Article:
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Rebecca Sutton Koeser

Lead Developer, The Center for Digital Humanities at Princeton University

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Closing keynote talk from Rufus Pollock (@rufuspollock) on open information as the biggest issue of the 21st century.

Dr. Rufus Pollock, Founder and President of Open Knowledge.

Livestream recording of the session, talk introduction begins at about 2:14. (Slides are also linked from an event post on

Stained glass window of <br/>St. Columba from Iona Abbey. <br/> [Vegansoldier]( [CC-BY-SA](

Stained glass window of
St. Columba from Iona Abbey.
Vegansoldier CC-BY-SA

St. Columba, an Irish abbot and missionary, founder of Iona. When Finnian brought the Latin Vulgate back to Ireland, it was the only “authorized” copy of the Bible in Ireland. Columba asked to see it - Finnian said yes, but you can’t copy it. They fought over that, whether it should be freely available or not. Colm Cille (Columba) said this should be open, should be copied far and wide - it was God’s, and not Finnian’s. This struggle over how we deal with information, how it is owned and shared, is something we’re still struggling with.

The biggest issue of the 21st century - who owns information, who controls it. Social, political. In St. Columba’s time, people weren’t literate and their economy didn’t revolve around that. Today: all that glitters is bits. Taking a dose of medicine, swallowing information. Even furniture, a large amount of the value is the design. What we produce, consume, and trade is information. Controlling the information = controlling power and wealth.

Who is the richest man in the world today? Bill Gates. If you have a monopoly on information, it’s all profit. Sure, he worked hard, but the exceptional concentration of wealth is due to the closed information. Compare to Linus Torvalds - he also worked hard, but because he made his work open, everyone benefits from his work.

Open information is essential to have a more equal society. Walter White in Breaking Bad - can’t afford cancer treatment because health care doesn’t cover it, due to the patents and research costs. For physical resources like food or a Ferrari, there are actual limits on what we have - not everyone can have a Ferrari; but that’s not the case with information.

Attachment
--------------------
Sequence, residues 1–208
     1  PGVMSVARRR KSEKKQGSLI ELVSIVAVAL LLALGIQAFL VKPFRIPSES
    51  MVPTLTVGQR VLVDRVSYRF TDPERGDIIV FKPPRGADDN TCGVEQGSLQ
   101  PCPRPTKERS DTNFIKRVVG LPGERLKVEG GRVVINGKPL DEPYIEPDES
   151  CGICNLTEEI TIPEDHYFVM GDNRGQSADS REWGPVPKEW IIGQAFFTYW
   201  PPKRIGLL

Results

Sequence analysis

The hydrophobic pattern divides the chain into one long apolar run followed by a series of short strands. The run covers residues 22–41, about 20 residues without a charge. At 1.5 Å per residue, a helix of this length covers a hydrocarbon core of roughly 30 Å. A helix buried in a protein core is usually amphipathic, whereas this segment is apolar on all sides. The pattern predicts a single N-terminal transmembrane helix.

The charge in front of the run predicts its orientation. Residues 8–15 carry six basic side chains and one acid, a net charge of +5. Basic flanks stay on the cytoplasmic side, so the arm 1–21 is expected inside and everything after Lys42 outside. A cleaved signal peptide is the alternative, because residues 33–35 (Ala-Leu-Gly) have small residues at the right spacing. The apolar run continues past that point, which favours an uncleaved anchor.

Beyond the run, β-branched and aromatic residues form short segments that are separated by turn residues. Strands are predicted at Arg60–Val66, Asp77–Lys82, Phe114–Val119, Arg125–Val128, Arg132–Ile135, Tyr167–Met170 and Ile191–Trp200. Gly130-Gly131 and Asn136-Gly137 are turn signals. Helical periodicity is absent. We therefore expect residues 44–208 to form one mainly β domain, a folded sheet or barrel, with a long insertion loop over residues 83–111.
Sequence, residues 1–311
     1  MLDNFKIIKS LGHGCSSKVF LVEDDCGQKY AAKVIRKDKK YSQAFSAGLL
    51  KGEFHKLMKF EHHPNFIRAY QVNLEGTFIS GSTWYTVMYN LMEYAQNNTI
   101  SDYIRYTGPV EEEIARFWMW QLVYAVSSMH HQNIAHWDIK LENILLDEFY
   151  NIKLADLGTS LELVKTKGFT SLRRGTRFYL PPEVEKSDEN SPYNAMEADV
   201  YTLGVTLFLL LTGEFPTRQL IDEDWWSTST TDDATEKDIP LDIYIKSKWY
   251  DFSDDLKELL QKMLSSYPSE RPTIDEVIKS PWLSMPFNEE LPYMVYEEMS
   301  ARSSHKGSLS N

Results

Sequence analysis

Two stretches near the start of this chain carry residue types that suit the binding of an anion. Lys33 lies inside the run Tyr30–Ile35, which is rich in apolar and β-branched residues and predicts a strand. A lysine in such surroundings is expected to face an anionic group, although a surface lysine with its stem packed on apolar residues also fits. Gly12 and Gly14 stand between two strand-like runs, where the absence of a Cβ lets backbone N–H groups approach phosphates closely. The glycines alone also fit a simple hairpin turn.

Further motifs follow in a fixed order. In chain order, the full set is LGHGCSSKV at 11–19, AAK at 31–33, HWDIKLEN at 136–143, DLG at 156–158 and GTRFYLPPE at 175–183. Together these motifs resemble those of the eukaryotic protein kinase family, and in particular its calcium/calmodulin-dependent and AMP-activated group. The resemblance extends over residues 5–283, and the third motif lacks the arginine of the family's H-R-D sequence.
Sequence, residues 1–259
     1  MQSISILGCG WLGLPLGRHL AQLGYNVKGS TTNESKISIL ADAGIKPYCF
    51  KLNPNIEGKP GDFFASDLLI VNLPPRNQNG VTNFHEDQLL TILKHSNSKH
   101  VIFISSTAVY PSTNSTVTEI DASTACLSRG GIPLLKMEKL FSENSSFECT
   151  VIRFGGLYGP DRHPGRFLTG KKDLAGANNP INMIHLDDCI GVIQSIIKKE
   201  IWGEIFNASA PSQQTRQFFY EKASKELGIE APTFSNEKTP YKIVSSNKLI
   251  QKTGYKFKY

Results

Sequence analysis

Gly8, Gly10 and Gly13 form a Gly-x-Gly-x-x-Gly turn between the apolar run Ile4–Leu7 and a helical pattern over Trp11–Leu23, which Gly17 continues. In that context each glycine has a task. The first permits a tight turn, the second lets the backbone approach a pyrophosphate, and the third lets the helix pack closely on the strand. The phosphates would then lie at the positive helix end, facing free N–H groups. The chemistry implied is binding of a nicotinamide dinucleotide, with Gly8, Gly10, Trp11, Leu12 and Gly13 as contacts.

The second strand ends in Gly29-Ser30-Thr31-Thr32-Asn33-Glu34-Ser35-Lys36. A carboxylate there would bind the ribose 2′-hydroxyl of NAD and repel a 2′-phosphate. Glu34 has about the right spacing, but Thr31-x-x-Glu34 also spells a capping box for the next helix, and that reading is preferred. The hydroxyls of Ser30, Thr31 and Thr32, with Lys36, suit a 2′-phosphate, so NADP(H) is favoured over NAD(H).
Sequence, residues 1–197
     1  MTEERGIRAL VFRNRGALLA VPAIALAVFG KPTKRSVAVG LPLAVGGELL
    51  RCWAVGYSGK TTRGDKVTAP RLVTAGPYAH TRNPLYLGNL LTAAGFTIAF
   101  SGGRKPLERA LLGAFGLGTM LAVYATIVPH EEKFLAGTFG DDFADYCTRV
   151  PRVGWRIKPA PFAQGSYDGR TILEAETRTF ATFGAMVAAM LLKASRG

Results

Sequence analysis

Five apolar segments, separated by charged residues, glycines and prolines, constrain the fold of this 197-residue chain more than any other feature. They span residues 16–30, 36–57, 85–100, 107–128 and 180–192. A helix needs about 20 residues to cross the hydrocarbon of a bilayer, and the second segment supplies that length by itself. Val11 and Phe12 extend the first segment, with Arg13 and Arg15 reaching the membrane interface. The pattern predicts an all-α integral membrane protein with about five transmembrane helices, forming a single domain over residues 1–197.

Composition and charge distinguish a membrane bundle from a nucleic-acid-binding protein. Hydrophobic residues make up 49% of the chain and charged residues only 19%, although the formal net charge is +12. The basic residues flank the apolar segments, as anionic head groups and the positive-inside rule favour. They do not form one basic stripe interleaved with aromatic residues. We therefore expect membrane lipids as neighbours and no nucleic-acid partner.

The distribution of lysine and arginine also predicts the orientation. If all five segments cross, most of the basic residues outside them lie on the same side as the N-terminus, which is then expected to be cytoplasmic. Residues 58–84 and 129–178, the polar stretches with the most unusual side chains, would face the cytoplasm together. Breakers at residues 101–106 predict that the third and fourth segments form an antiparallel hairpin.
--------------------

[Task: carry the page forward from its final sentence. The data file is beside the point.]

Innovation & creativity. Open means more innovation and creativity because anyone can build on existing works. Minor things, like sliding sideways to unlock an iPhone but not on Android, because Apple patented it and sued Samsung; in that case, it’s a minor inconvenience. The race to map the human genome - a private company wanted to get there first and patent it. They lost the race, but still patented sections of it. A later study found 30% less work done on those patented sections. The best thing to do with your data will be thought of by someone else.

Knowledge is power, openness is empowerment. People trust web tools like Google and Facebook; how easy would it be for them to rig an election? In 19th century America, Western Union controlled the telegraph - and they actually did work to try to rig an election, sharing messages that were meant to be private.

The vision: an open world. All public, non-private information is open, and the creators of that information and research are rewarded. Music, research, software, drug formulae.

How do you implement this? Economically & legally, how do you pay for the “first copy”? (i.e. creating something new.) And politically, how do you get there?

Where we are now - better than some possibilities, e.g. where everything is open but there’s no reward for actually researching and producing medicine so nobody creates them.

Spotify as proof of the open model - collective licensing, remuneration rights to the artists. Spotify actually had to spend engineering time crippling their service to make it more like radio, and take advantage of legal exemptions for radio. But if they get a monopoly, then they’ll squeeze both sides (consumers and artists). If everybody paid $1 a month instead of some people spending $10 a month, it would work out the same; but it’s not in Spotify’s interest to do that. There is uneven distribution of wealth & taste; some people are willing to pay more for music.

In research, three main phases: creation, distribution, filtering/selection. Journals blend distribution with filtering and selection; but distribution should be easy with digital technologies.

Dystopia is the default. If we do nothing, we end up with a closed world. We have to band together to work towards this. You overestimate what you can do in a year, but you underestimate what you can do in a decade.

Thoughts & reactions

This talk was intentionally provocative, and you can probably tell that from the conversation on Twitter - some people following right along, calling the opening story about St. Columba “preaching to the choir”, and others disagreeing or quibbling with various points. I think both on Twitter and the questions afterward, people weren’t sure it was appropriate to treat research the same as music and entertainment, in terms of funding models.

Using Spotify as an exemplar seems problematic, because I’m sure I’ve read plenty of articles about how Spotify doesn’t pay musicians enough for music to be sustainable, or that you can’t make music when it’s given away for free.

I didn’t capture it in my notes, but Pollock said something, perhaps during the Q&A, that we should be open the way we are green for the environment. It should be our default, it should become something everyone recognizes and help steer the future.